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The beaglebone Black processor includes two independent Programmable Real Time Units (PRUs). Hobbyists and professionals are excited about possible use of these units for real-time applications, which is understood. However, if you can have a RTOS (whether for the beaglebone or the raspberry pi), why would you need the PRUs?

EDIT- For information, the BBB has an ARM Cortex A8 running at 1 GHz, with 1.9 DMIPS / MHz. The PRUs are simple RISCs running at 200 MHz.

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Linux, even with the real-time scheduler is unsuited to many critical hard real-time tasks with response requirements at the microsecond level, on the other hand it provides or enables a great deal of functionality in terms of UI, connectivity and filesystem support. These things are either not available in an RTOS or are provided at significant cost in high end RTOS, and with much more limited hardware support.

So if you have a system that has hard-real time constraints, but needs more general purpose computing features such a networking, filesystem connection to commercial-off-the-shelf (COTS) peripherals etc., then the PRU provides a solution to that.

On the other hand I can't help but think that this is a marketing exercise on the part of TI to sell more chips. A similar solution has always been possible (and indeed common) using one or more processors to perform time critical tasks, possibly running an RTOS, while UI and connectivity are handled by a single processor with the necessary hardware and memory resources but without the real-time constraints. The PRU device does have two 32 bit cores, but XMOS xCORE devices have as many as 16 cores - with 16 communicating cores, you may not even need an RTOS.

To answer the question...

[...] if you can have a RTOS [...], why would you need the PRUs?

... directly; you probably wouldn't need them in that case, but you would loose Linux - and your application may need that. It is just one of many solutions to real-time applications using Linux. You pays your money, and takes your choice.

  • Let's stick to the BB case. So your point is that running timing-critical tasks on the PRU will, in general, be better (in terms of short response time) than having an RTOS on the main processor doing that, did I understand you correctly? – student1 Nov 23 '14 at 20:05
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    You asked that same question in response to a comment to the question - my response there applies, but to reiterate, on Linux, response occurs when the OS gets around to it - it is non-deterministic. A processor dedicated to a single task will generally respond faster and more deterministically (i.e. same time, every time). An RTOS will enable the BB perhaps to respond fast and deterministically enough for most tasks, but if you then loose all the stuff that Linux brings, is your application still viable? If you don't need Linux, you probably don't need a BB either. – Clifford Nov 23 '14 at 20:20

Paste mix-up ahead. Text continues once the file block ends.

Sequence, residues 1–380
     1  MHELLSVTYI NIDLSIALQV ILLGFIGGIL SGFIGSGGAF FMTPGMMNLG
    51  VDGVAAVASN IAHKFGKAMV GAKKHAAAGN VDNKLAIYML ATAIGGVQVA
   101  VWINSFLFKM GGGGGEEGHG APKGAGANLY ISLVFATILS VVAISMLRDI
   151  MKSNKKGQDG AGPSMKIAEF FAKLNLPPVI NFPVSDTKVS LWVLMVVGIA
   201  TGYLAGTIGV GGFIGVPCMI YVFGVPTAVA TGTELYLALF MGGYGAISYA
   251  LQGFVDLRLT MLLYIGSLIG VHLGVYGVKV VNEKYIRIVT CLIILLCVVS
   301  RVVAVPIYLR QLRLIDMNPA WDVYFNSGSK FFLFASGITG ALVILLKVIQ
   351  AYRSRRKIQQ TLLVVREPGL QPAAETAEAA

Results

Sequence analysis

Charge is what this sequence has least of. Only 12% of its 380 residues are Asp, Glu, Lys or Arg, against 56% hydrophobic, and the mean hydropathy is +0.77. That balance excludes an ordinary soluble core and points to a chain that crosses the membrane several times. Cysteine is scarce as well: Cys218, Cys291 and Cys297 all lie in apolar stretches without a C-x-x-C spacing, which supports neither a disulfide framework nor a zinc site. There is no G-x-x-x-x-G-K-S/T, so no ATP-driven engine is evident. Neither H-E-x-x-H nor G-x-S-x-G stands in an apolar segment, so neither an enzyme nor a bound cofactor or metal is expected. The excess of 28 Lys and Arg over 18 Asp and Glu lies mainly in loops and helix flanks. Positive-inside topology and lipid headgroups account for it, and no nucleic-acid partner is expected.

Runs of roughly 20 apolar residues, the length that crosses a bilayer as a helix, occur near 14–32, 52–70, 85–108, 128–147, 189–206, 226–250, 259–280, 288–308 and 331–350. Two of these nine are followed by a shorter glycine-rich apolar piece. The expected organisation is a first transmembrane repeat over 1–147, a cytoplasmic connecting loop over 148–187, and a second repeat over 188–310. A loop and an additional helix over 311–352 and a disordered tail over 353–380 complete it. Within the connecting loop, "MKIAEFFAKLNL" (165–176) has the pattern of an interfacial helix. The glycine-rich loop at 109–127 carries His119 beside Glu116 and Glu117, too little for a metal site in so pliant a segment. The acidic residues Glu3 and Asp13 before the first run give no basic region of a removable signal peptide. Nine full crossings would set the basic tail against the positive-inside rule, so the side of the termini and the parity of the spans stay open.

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    My point about not needing a BeagleBone is that it has than much memory resource so that it can run Linux. If you don't need Linux you can get away with far less. – Clifford Nov 23 '14 at 20:23
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Most likely the processor in BeagleBone or RaspberryPI is too "heavy" for real time - after all, you could run RTOS on your PC, but it will not be very responsive entirely deterministic, even when it's faster than your typical microcontroller (I guess that these PRUs are some sort of microcontrollers with a new fancy name). In such high-level application processor as found on these boards you rarely have direct access to hardware or interrupts, which are essential for real time applications that actually do something time-critical.

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    If you run and RTOS on a PC it will have hard real-time deterministic response. It is the RTOS that ensures that, not the hardware. In fact it is not that uncommon before QNX Neutrino, QNX was exclusively an x86 RTOS. It is the Linux general purpose OS (GPOS) on these platforms that prevents real-time performance. – Clifford Nov 23 '14 at 19:42
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    The response will be deterministic, but not necessarily short... I guess any MCU can be faster in these matters than an application processor with huge caches, long pipelines and external memory. There are cases where 8-bit chip enters interrupt handling routine faster than an ARM MCU. Compare that with a typical application processor and you'll see what I mean. – Freddie Chopin Nov 23 '14 at 19:44
  • @Clifford - take for example this link - infocenter.arm.com/help/index.jsp?topic=/… . It says that the latencies are in the order of "hundreds" of cycles. On a Cortex-M3 microcontroller it is an order of magnitude smaller, and these chips are not super fast (for an MCU) in that regard... – Freddie Chopin Nov 23 '14 at 19:49
  • On a modern PC, things like indirect I/O over bridged and arbitrated busses can limit hard real time regardless of software scheduler design. – Chris Stratton Nov 23 '14 at 19:59
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    @student1 : A Linux system performa many tasks in a time-sliced scheduler. It is not real-time because you cannot guarantee when any particular task will be scheduled. Yes if you run an RTOS on it it will probably be suited to most real-time tasks, but a processor dedicated to one task and with zero interrupt latency will respond faster, but more importantly deterministically; not after an indeterminate number of time slices. – Clifford Nov 23 '14 at 20:14

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